Education Law "3635 requires a board of education to provide transportation based upon the distance between a student"s home and the school he or she legally attends.  However, a board of education has broad discretion to determine the manner in which such transportation will be provided (Appeal of Brassard, 33 Ed Dept Rep 497, Decision No. 13,127; Appeal of Pronin, 27 id. 203, Decision No. 11,920; Matter of Tomasso, 23 id. 120, Decision No. 11,159). Moreover, a board of education has both the responsibility and authority to implement a transportation policy that balances the safety and convenience of individual pupils with overall economy and efficiency (Appeal of McCarthy and Bacher, 42 Ed Dept Rep    , Decision No. 14,872; Appeal of Polifka, 31 id. 61, Decision No. 12,569; Appeal of Cunningham, 28 id. 10, Decision No. 12,012).  The Commissioner of Education will uphold a district"s transportation determination, unless it is unreasonable or an abuse of discretion (Appeal of McCarthy and Bacher, supra; Appeal of Polifka, supra).  In an appeal to the Commissioner, petitioners bear the burden of establishing all of the facts upon which they seek relief and to demonstrate a clear legal right to the relief requested (8 NYCRR "275.10; Appeal of Laurie, 42 Ed Dept Rep    , Decision No. 14,867; Appeal of Boiko, 40 id. 409, Decision No. 14,513).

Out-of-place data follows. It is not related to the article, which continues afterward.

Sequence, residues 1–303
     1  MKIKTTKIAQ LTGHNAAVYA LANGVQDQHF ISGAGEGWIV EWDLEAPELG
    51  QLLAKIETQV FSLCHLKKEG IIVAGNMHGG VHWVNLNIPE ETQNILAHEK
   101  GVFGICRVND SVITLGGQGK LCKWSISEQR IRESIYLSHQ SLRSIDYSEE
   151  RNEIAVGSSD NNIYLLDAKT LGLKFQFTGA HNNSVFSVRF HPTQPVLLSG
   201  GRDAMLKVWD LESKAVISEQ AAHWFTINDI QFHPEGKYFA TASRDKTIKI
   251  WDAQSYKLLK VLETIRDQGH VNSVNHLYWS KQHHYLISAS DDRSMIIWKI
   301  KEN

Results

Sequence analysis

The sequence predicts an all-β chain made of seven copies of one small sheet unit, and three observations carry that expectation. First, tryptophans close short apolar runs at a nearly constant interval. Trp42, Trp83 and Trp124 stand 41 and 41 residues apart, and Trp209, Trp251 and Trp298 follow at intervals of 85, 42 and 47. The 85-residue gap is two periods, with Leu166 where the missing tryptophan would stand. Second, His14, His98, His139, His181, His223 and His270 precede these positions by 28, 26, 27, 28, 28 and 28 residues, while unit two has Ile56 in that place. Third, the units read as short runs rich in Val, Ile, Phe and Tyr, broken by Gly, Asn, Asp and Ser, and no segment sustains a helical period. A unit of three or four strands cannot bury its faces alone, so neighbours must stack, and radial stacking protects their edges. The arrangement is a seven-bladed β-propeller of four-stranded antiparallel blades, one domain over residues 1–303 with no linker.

Petitioners have failed to establish that respondent"s transportation policy is unreasonable or an abuse of discretion.  Respondent states that it utilizes a two-tiered transportation schedule for the district"s elementary students due to "transportation constraints."  Respondent apparently decided to modify the schedule by rotating the Tier assignment of the district"s elementary schools every three years in an effort to be fair.  However, in response to parental concerns, respondent established a task force with parent representation from each of the district"s schools to study the transportation plan and suggest alternatives.  Ultimately, respondent adopted the task force"s recommendations, which included implementing the Tier rotation schedule, but advancing the start time of the district"s schools by ten minutes.  Under these circumstances, I cannot conclude that respondent"s actions are unreasonable or an abuse of discretion.

 

THE APPEAL IS DISMISSED.